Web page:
A member of the National Rifle Association Board of Directors compared states' efforts to strengthen gun violence prevention laws to Nazi Germany on an NRA news program, suggesting that Americans are being disarmed and that "the death of millions" could occur.

    Ronnie Barrett, the outspoken manufacturer of a controversial armor-piercing sniper rifle and an NRA board member, made his prediction during the March 1 edition of the NRA's Cam & Company show on Sportsman Channel:

    BARRETT: In all of history when this kind of stuff has happened before, it's bad news. You know and I hate to be one of these doomsday guys, but in past things like this result in the death of millions. You know, and World War II hasn't been 700 years ago, it's only been 70 years ago. And if people don't think that these things don't happen to modern, progressive, Christian nations like Germany was, they're wrong, brother, I mean we're sitting here just nearly repeating the same past of that, the disarming of the citizenry not based on any facts but based on cynical emotions that are put in and rushed through in the middle of the night before anybody has a chance to study the true facts, before their citizenry even knows what's going on. I mean holy smokes, what kind of state government was that? I can't believe that's one of the members of the Union here, one of the members of our Republic. It's just unimaginable.

    Barrett made similar remarks on the February 5 edition of Cam & Company, suggesting that gun owners prevent "socialism" and make it so "you can't round up hoards of armed free people and put them in cattle cars." 

    It is not unusual for members of NRA leadership to distort history to compare stronger firearm policies to Nazism or the Holocaust. In his book, America Disarmed: Inside the U.N. & Obama's Scheme to Destroy the Second Amendment, NRA executive vice president Wayne LaPierre equated the United Nations Small Arms and Light Weapons Destruction Day, held on July 9, 2001, to Nazi propagandist Joseph Goebbels' order that books authored by Jews be publicly burned. He then suggested that the burning of guns could "help set the stage for mass executions of gun owners" just as Goebbels' order precipitated the mass killing of Jews:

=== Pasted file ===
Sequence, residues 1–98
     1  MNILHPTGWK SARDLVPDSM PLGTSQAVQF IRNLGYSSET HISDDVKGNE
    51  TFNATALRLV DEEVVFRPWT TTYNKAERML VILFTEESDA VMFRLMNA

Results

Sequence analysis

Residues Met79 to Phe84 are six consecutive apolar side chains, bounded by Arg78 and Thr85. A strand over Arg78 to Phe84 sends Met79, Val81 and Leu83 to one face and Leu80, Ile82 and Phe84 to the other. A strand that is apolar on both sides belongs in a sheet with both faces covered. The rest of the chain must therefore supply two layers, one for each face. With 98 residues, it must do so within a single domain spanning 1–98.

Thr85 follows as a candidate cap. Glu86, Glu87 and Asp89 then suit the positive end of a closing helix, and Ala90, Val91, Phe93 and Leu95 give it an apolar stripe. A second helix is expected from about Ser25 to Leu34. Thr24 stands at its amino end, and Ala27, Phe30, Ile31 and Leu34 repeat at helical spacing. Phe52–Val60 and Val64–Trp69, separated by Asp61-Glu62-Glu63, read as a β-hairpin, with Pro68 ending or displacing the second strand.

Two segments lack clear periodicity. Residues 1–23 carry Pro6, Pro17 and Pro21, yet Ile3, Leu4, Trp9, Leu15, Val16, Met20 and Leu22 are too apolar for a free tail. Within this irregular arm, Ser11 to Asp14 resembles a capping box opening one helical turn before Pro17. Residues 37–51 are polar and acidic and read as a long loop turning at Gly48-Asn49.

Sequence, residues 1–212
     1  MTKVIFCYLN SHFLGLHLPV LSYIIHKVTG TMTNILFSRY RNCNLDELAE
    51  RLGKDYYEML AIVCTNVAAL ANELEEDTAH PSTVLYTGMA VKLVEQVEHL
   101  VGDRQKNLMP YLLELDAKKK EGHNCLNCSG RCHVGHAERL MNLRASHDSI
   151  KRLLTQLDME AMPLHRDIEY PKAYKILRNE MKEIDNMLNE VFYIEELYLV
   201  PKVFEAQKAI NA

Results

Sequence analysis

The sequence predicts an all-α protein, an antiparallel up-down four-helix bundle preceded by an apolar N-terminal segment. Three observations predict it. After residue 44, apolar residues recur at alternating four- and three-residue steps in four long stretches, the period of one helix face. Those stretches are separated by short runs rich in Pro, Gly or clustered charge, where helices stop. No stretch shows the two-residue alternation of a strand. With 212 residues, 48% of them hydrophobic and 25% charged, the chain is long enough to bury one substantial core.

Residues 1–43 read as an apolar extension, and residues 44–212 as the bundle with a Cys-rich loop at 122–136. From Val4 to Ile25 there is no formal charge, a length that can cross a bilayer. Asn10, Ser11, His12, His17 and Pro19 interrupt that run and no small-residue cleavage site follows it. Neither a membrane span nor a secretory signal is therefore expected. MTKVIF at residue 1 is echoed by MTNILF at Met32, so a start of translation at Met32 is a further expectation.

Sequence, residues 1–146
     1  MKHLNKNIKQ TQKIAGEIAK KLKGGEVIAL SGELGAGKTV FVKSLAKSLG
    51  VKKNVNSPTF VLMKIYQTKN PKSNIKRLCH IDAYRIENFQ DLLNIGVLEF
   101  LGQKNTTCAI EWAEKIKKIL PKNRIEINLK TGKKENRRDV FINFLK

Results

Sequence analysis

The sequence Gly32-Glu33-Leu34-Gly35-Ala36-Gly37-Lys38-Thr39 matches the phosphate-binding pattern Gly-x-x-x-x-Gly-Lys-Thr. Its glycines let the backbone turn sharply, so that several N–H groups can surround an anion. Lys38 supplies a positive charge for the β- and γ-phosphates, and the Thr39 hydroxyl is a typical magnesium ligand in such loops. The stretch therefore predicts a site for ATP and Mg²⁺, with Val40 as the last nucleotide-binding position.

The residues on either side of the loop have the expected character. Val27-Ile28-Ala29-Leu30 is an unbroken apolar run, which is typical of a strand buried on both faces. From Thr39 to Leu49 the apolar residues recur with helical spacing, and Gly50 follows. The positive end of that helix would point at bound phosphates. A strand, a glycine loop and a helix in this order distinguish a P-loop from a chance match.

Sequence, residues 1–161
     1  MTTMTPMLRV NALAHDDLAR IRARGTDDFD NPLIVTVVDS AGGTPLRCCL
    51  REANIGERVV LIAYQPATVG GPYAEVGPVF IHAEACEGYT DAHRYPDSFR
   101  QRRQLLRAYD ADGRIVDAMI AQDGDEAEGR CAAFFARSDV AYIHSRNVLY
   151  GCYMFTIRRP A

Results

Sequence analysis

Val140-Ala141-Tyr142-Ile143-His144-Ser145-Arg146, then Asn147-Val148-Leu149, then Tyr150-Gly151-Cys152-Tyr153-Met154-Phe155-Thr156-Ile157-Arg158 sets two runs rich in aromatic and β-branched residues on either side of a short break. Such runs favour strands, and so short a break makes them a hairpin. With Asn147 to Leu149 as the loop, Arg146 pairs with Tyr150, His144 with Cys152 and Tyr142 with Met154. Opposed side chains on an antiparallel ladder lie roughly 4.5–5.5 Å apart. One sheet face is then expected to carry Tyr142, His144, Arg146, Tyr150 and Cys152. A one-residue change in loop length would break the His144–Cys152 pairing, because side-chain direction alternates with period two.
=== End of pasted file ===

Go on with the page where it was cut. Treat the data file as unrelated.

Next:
• Right-Wing Media Take Turns Repeating Debunked Talking Points About "Unconstitutional" Gun Violence Prevention

    Blog ››› ››› SERGIO MUNOZ

    Right-wing media have been looking to anyone for talking points about the purported "unconstitutionality" of gun violence prevention. Frequent Wall Street Journal contributor David Rivkin Jr. recently took his turn in an op-ed, and his junior associate repeated the argument on a NRA news show. But Supreme Court precedent does not support their confused generalizations and multiple legal experts have explained how current proposals are constitutional under District of Columbia v. Heller.  

    Former Reagan and Bush I White House official Rivkin now publishes regular attacks on the Obama Administration in the editorial pages of The Wall Street Journal. Frequently debunked, even by other conservative media, his claims of President Obama's "lawlessness" now extend to the gun violence prevention measures under consideration in response to the Sandy Hook massacre.

    In a recent WSJ op-ed with colleague Andrew Grossman, Rivkin called these attempts to prevent future violence uninformed and claimed: "what government cannot do is deny the individual interest in self-defense. As a legal matter, that debate is settled. The president and his allies seem to have missed the message[.]" Grossman then appeared on the NRA's televised news show, Cam & Company, to defend this misinformation about the Supreme Court's decision in Heller and misrepresent case law on exceptions to fundamental rights. On the show, Grossman claimed a renewed assault weapons ban and capacity limits for magazines were not permitted by Heller:

  •'s Motley Pitches Erroneous, Racially-Charged Immigration Ad

    Blog ››› ››› HILARY TONE contributor Seton Motley used NRA News to make unfounded claims regarding immigrants, African Americans, and the job market.  Motley stated that if he operated a Super PAC, it would air radio ads in African-American communities suggesting that President Obama's executive order allowing deferred action for some immigrants takes jobs away from African Americans.

    Motley's suggestion came during a segment on Cam & Company in which he and conservative blogger Stacy Washington speculated about what percentage of the African American vote Obama will receive on Election Day.

    MOTLEY: If I had -- I tried to get a Super PAC going as we discussed earlier and it -- just my --